Ben – yes, if you can ensure that pre-existing binaries do grant Execute and that newly added ones don’t.  That sounds very tricky/fragile to maintain, but that might help.  (Still need to worry about the ability to rename entries in the folder.)

    — Aaron

  10. Updated information about LUA Buglight.

  11. J T Merrill says:

    One of my biggest gripes since switching to Vista and dealing with UAC is the lock down of ‘all user’ program shortcuts that are now stored in C:ProgramDataMicrosoftWindowsStart MenuPrograms (which took the place of, I think, C:Documents and SettingsAll UsersStart MenuPrograms in XP).  I install a lot of programs and my Start Menu eventually begins to look like a jungle.  I create a hierarchical folder tree of program shortcuts to keep the Start Menu | All Programs list under control, moving shortcuts around almost every time I install a new program.  This became a headache with Vista interrupting me with demands for elevated access at every turn, so I elevated my permissions for this area.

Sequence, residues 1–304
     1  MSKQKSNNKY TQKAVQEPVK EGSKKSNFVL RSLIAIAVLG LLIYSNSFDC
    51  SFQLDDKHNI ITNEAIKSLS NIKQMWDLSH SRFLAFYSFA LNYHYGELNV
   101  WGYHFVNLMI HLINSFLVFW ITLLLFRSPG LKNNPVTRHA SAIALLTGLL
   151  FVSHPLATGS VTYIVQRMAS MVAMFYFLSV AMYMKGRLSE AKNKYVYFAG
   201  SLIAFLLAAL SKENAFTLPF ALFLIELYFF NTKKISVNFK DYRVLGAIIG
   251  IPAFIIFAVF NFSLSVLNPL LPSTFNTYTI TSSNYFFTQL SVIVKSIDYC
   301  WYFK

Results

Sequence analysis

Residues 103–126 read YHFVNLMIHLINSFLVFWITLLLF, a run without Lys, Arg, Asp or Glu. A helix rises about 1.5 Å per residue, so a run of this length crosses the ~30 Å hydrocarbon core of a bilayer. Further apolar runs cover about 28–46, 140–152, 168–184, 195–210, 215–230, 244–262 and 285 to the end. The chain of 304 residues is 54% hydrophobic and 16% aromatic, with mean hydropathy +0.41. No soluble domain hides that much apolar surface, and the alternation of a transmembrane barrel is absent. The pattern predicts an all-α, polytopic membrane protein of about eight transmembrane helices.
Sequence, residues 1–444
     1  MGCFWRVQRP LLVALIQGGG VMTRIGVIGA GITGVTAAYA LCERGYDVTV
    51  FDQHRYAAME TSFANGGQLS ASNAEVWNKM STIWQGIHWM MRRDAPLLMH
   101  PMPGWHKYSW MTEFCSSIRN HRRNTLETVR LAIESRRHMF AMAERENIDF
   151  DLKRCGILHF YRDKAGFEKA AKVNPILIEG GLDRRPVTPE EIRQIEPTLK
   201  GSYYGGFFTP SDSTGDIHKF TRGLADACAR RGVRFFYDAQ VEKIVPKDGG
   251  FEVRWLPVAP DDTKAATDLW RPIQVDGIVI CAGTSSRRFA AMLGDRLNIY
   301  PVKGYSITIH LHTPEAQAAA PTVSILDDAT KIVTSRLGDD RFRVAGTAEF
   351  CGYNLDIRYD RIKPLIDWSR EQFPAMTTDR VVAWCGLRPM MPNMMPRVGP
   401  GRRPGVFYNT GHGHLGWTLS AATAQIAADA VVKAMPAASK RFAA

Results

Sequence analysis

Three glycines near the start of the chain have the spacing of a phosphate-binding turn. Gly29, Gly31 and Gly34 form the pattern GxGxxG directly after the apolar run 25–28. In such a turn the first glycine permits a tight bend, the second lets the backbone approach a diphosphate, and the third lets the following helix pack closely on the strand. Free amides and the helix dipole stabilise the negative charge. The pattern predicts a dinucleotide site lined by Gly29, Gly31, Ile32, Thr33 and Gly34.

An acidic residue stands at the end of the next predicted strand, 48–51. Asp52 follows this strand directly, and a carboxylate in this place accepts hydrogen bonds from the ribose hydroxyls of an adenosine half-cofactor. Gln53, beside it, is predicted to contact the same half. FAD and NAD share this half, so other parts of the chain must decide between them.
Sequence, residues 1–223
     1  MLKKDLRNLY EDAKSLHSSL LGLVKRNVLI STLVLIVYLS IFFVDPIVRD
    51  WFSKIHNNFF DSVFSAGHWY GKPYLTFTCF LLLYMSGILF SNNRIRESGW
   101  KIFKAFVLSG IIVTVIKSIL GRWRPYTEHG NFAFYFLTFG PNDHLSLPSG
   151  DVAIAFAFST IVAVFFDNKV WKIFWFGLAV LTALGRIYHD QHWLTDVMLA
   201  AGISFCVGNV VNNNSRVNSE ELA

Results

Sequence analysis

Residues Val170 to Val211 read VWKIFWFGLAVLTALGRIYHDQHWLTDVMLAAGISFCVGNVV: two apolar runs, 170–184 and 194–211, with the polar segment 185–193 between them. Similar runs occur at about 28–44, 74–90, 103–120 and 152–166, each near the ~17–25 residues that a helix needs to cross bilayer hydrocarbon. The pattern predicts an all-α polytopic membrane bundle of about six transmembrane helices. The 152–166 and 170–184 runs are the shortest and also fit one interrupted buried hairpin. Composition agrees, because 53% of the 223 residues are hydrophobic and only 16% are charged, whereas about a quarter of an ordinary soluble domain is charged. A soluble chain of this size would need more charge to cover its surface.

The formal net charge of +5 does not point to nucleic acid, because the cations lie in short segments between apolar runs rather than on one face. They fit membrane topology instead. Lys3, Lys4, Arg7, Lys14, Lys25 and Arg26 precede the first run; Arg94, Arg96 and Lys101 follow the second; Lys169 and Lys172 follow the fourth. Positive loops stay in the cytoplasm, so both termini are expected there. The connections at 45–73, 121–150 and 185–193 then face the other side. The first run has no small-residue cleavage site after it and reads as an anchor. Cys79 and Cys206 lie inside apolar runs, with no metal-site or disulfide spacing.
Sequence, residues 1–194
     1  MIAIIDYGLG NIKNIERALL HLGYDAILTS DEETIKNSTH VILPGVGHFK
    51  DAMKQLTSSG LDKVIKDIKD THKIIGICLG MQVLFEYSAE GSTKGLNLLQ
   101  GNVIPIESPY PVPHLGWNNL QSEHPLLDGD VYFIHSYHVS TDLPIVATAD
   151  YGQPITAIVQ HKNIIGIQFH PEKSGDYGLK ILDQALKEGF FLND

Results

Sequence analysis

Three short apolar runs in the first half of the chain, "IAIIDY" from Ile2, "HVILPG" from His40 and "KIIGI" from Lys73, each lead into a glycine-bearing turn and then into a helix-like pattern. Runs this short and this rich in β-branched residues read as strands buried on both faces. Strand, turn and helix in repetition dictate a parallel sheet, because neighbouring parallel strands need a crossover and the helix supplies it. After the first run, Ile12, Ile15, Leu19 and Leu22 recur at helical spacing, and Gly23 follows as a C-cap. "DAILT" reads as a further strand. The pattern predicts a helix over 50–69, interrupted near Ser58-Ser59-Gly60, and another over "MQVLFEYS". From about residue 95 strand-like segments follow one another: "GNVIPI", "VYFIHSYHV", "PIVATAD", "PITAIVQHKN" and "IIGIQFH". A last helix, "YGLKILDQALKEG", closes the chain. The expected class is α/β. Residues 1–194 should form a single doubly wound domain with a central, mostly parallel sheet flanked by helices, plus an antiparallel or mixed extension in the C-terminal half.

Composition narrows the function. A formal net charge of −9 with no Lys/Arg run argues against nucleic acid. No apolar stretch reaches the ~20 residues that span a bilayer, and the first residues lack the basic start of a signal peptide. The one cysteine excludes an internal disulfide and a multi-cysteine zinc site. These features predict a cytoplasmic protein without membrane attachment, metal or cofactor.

This is the only folder tree for which I have (or intend to) reset permissions to add full access for my own account.  The changed permissions start at the Programs folder level, not at Start Menu or anywhere above.  I can’t really see the harm – as these folders contain nothing but shortcuts – but is there a vulnerability in these folders of which I’m not aware?